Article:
Connect public, paid and private patent data with Google Patents Public Datasets

Display device and display method

Download PDF

Info

Publication number
US7027024B2
US7027024B2 US10883375 US88337504A US7027024B2 US 7027024 B2 US7027024 B2 US 7027024B2 US 10883375 US10883375 US 10883375 US 88337504 A US88337504 A US 88337504A US 7027024 B2 US7027024 B2 US 7027024B2
Authority
US
Grant status
Grant
Patent type
Prior art keywords
signal
scanning
voltage
level
line
Prior art date
Legal status (The legal status is an assumption and is not a legal conclusion. Google has not performed a legal analysis and makes no representation as to the accuracy of the status listed.)
Active, expires
Application number
US10883375
Other versions
US20040246245A1 (en )
Inventor
Toshihiro Yanagi
Hideki Morii
Hidekazu Miyata
Current Assignee (The listed assignees may be inaccurate. Google has not performed a legal analysis and makes no representation or warranty as to the accuracy of the list.)
Sharp Corp
Original Assignee
Sharp Corp
Priority date (The priority date is an assumption and is not a legal conclusion. Google has not performed a legal analysis and makes no representation as to the accuracy of the date listed.)
Filing date
Publication date
Grant date
Family has litigation

Links

Images

Classifications

    • GPHYSICS
    • G09EDUCATION; CRYPTOGRAPHY; DISPLAY; ADVERTISING; SEALS
    • G09GARRANGEMENTS OR CIRCUITS FOR CONTROL OF INDICATING DEVICES USING STATIC MEANS TO PRESENT VARIABLE INFORMATION
    • G09G3/00Control arrangements or circuits, of interest only in connection with visual indicators other than cathode-ray tubes
    • G09G3/20Control arrangements or circuits, of interest only in connection with visual indicators other than cathode-ray tubes for presentation of an assembly of a number of characters, e.g. a page, by composing the assembly by combination of individual elements arranged in a matrix no fixed position being assigned to or needed to be assigned to the individual characters or partial characters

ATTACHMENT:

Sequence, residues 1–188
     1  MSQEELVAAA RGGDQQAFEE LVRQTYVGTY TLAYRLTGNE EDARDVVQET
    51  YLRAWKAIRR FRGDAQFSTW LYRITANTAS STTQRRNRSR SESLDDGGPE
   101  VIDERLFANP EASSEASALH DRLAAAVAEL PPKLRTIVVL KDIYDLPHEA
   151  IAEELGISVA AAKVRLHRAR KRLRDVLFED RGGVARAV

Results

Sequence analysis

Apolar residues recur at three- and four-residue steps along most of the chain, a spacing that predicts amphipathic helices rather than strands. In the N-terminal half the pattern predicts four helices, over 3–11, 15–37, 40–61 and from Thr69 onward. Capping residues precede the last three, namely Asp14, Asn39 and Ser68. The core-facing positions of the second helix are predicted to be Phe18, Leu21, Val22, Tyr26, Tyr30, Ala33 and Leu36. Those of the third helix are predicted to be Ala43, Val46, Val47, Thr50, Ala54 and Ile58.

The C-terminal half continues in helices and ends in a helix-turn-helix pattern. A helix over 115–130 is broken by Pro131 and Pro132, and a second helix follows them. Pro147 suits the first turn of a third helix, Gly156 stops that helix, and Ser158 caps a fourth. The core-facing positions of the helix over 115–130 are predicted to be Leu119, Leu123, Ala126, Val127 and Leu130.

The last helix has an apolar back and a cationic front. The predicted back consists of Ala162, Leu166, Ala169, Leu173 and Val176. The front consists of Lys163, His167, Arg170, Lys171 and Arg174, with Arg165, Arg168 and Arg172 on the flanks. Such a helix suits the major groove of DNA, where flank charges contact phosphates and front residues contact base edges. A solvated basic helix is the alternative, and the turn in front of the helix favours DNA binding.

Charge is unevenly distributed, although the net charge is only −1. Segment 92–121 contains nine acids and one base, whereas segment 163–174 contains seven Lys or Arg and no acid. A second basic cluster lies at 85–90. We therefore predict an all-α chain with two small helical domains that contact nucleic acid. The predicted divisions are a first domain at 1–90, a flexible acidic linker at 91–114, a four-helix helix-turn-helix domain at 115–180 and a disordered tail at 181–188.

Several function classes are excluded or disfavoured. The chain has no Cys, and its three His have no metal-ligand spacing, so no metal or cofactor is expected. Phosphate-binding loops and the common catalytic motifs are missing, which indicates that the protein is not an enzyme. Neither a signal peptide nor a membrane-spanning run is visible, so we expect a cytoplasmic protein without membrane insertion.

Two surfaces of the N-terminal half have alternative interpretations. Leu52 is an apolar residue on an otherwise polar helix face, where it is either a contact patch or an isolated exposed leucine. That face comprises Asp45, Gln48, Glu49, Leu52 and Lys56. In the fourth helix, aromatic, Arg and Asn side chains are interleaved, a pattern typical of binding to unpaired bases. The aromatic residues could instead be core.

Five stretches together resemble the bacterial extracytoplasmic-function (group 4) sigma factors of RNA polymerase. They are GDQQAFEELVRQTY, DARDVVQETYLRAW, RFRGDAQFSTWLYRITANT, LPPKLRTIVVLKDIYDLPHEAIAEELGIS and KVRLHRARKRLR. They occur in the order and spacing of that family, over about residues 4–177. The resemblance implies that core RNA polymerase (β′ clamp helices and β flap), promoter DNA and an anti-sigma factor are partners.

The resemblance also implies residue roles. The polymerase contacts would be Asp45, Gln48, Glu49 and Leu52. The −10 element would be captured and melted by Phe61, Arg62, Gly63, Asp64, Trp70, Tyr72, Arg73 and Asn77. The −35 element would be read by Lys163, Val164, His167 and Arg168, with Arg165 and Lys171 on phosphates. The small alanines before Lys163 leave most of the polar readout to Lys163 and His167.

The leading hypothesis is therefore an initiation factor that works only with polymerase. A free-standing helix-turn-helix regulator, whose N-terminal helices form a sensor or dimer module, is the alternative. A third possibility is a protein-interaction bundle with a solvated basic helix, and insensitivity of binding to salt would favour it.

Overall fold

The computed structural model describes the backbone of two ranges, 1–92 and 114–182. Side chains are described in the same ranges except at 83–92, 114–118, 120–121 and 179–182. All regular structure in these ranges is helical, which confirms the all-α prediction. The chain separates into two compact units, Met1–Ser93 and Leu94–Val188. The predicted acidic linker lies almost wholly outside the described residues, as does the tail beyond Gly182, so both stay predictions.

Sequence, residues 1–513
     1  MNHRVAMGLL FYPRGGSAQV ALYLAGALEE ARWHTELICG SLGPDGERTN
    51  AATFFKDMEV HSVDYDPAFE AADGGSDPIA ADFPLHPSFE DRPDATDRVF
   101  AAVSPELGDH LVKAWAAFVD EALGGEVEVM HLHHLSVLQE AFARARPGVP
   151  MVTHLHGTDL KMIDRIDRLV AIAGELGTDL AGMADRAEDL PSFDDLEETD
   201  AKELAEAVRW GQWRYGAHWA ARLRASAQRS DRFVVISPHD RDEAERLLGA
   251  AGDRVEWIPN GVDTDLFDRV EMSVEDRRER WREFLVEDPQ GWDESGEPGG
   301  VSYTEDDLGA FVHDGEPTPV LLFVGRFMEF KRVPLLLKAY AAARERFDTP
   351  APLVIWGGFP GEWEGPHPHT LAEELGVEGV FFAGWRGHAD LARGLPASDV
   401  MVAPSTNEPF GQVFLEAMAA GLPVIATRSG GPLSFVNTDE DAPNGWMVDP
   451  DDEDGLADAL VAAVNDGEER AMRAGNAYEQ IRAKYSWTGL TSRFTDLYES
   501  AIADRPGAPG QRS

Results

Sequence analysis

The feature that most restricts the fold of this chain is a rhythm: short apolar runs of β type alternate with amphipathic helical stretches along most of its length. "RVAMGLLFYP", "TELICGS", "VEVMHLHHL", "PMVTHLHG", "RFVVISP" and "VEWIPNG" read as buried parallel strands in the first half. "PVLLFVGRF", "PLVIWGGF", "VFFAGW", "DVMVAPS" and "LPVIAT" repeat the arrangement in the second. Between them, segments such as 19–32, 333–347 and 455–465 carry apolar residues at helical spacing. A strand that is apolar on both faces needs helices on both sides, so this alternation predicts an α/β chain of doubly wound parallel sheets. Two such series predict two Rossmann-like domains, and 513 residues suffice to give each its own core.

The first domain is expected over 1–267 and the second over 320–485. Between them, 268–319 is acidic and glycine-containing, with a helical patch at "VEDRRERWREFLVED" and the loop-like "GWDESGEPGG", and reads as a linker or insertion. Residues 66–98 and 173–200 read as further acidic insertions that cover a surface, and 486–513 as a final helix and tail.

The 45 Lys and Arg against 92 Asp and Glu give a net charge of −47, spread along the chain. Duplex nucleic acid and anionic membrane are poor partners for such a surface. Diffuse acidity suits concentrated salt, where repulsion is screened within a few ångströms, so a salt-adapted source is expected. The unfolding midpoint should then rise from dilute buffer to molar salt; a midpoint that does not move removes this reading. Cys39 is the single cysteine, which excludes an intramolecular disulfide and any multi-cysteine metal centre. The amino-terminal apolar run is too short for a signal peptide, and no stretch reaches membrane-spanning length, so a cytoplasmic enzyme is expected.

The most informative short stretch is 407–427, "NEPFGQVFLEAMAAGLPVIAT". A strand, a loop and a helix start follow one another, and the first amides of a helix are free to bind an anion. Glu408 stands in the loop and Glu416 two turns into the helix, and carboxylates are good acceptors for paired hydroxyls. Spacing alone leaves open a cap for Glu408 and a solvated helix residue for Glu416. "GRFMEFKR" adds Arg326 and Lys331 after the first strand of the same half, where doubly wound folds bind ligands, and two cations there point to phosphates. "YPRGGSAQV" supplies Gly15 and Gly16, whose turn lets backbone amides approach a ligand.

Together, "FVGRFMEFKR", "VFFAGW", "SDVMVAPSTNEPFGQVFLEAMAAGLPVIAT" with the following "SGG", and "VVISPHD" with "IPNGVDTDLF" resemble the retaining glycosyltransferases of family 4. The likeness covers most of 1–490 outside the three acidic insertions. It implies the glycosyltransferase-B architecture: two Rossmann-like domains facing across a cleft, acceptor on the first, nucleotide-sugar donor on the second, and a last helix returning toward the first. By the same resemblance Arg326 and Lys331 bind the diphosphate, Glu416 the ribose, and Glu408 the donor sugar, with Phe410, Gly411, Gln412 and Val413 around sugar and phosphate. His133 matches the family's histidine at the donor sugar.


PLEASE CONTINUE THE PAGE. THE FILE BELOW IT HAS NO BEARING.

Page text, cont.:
• G09G3/34Control arrangements or circuits, of interest only in connection with visual indicators other than cathode-ray tubes for presentation of an assembly of a number of characters, e.g. a page, by composing the assembly by combination of individual elements arranged in a matrix no fixed position being assigned to or needed to be assigned to the individual characters or partial characters by control of light from an independent source
    • G09G3/36Control arrangements or circuits, of interest only in connection with visual indicators other than cathode-ray tubes for presentation of an assembly of a number of characters, e.g. a page, by composing the assembly by combination of individual elements arranged in a matrix no fixed position being assigned to or needed to be assigned to the individual characters or partial characters by control of light from an independent source using liquid crystals
    • G09G3/3611Control of matrices with row and column drivers
    • G09G3/3674Details of drivers for scan electrodes
    • G09G3/3677Details of drivers for scan electrodes suitable for active matrices only
    • GPHYSICS
    • G09EDUCATION; CRYPTOGRAPHY; DISPLAY; ADVERTISING; SEALS
    • G09GARRANGEMENTS OR CIRCUITS FOR CONTROL OF INDICATING DEVICES USING STATIC MEANS TO PRESENT VARIABLE INFORMATION
    • G09G3/00Control arrangements or circuits, of interest only in connection with visual indicators other than cathode-ray tubes
    • G09G3/20Control arrangements or circuits, of interest only in connection with visual indicators other than cathode-ray tubes for presentation of an assembly of a number of characters, e.g. a page, by composing the assembly by combination of individual elements arranged in a matrix no fixed position being assigned to or needed to be assigned to the individual characters or partial characters
    • G09G3/34Control arrangements or circuits, of interest only in connection with visual indicators other than cathode-ray tubes for presentation of an assembly of a number of characters, e.g. a page, by composing the assembly by combination of individual elements arranged in a matrix no fixed position being assigned to or needed to be assigned to the individual characters or partial characters by control of light from an independent source
    • G09G3/36Control arrangements or circuits, of interest only in connection with visual indicators other than cathode-ray tubes for presentation of an assembly of a number of characters, e.g. a page, by composing the assembly by combination of individual elements arranged in a matrix no fixed position being assigned to or needed to be assigned to the individual characters or partial characters by control of light from an independent source using liquid crystals
    • G09G3/3611Control of matrices with row and column drivers
    • G09G3/3648Control of matrices with row and column drivers using an active matrix
    • GPHYSICS
    • G09EDUCATION; CRYPTOGRAPHY; DISPLAY; ADVERTISING; SEALS
    • G09GARRANGEMENTS OR CIRCUITS FOR CONTROL OF INDICATING DEVICES USING STATIC MEANS TO PRESENT VARIABLE INFORMATION
    • G09G2310/00Command of the display device
    • G09G2310/06Details of flat display driving waveforms
    • G09G2310/066Waveforms comprising a gently increasing or decreasing portion, e.g. ramp
    • GPHYSICS
    • G09EDUCATION; CRYPTOGRAPHY; DISPLAY; ADVERTISING; SEALS